Home at Last
Frances B. Richman
Twenty-eight unidentified remains of American soldiers discovered
in Ontario, Canada, near the site of the siege of Fort Erie, were returned
and interred, 1988, in the U.S. Military Cemetery in Bath, N. Y. Many
of the soldiers in the expedition of 1812 had come from this area of
So brave, so proud, we marched through Painted Post
past the four corners with the wooden pole
daubed red like blood, they said, to mark the trail
of tribes that used to live there. After that
the way was all slow going. My new boots
chafed me and blistered. Hot—oh it was hot
with all we had to carry in July!
Canteen and kettle, blanket, squirrel gun
and what we had of loading. I heard tell
they'd issue better muskets, powder, lead,
when we got close to where we'd have to fight,
way off up north and west where two big lakes,
Ontario and Erie, come together.
We knew about the falls. Must be a ford,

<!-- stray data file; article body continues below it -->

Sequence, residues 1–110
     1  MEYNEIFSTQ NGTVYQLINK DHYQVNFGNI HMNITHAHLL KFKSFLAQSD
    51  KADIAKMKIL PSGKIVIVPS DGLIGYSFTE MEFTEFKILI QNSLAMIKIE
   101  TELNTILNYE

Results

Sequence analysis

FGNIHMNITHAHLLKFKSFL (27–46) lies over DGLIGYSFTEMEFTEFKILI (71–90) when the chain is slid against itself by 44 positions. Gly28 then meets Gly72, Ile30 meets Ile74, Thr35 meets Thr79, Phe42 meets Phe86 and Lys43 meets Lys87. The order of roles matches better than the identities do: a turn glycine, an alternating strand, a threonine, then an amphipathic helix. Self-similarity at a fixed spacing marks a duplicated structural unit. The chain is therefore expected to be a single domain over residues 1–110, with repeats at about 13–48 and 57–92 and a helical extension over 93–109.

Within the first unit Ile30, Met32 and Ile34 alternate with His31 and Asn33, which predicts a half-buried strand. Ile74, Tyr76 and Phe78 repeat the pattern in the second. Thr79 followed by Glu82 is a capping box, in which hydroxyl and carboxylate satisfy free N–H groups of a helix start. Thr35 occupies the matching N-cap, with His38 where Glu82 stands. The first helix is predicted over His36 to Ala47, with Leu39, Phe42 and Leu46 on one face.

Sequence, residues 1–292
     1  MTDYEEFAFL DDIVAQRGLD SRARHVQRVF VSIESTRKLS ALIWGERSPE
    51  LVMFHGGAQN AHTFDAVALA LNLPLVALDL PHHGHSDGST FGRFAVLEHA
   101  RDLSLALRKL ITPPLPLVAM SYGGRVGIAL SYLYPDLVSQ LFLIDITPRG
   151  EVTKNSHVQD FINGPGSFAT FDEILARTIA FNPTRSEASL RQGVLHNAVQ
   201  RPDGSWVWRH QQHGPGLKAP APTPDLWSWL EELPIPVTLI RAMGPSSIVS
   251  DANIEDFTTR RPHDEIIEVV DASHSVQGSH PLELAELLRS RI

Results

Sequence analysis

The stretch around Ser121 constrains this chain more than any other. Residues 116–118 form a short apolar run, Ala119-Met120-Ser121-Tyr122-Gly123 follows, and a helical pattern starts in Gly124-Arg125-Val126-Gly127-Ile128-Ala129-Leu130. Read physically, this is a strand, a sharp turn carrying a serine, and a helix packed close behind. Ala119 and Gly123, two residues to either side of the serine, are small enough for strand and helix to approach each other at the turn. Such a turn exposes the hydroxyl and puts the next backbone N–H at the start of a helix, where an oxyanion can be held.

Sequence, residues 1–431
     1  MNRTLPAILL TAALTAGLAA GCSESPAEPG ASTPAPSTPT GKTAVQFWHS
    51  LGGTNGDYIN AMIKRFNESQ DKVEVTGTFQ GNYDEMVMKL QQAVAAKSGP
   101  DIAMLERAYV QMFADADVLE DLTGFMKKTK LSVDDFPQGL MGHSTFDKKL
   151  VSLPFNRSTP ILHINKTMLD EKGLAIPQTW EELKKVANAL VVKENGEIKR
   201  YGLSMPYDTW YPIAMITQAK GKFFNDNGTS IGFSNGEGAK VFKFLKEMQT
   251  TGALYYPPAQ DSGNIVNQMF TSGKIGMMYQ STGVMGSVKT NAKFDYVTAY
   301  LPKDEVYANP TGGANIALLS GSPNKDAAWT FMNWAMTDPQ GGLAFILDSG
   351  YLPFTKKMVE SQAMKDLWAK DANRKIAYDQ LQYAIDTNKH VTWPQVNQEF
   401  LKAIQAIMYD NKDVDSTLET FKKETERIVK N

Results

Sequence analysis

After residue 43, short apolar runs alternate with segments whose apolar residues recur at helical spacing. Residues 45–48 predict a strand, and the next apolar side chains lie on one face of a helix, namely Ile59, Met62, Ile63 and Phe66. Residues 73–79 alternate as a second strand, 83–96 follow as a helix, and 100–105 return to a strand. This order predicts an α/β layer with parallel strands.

barges, some way to get us all across.
Who ever thought York State could be so big?
Swamps, swale grass, rocky ridges, woods,
a river, swamps again. Lakes deep and long
we had to march around. Not so you'd say
we marched like Painted Post! Uphill we crawled
hand over hand. My blanket dropped somewhere
and I was glad. But then at night I froze.
Ben Oughterson got sick. The bloody flux
or some such. Had to leave him at a place
two cabins marked a crossing. Old man swore—
thought it was catching. But the Granny said
she'd nurse him like her own. I hope she did.
Why Canada would want those endless woods
when all they got is woods! And who'd be next
to start with cramps and running, and so white
the sweat stood out like on a greasy plate!
All now so far away and long ago.
Nigh on two hundred years. I guess I got
my wish to die a soldier. All that's left,
some buttons from our uniforms, some bones,
brought back to rest now on this hill in Bath.
© 1991, Frances B. Richman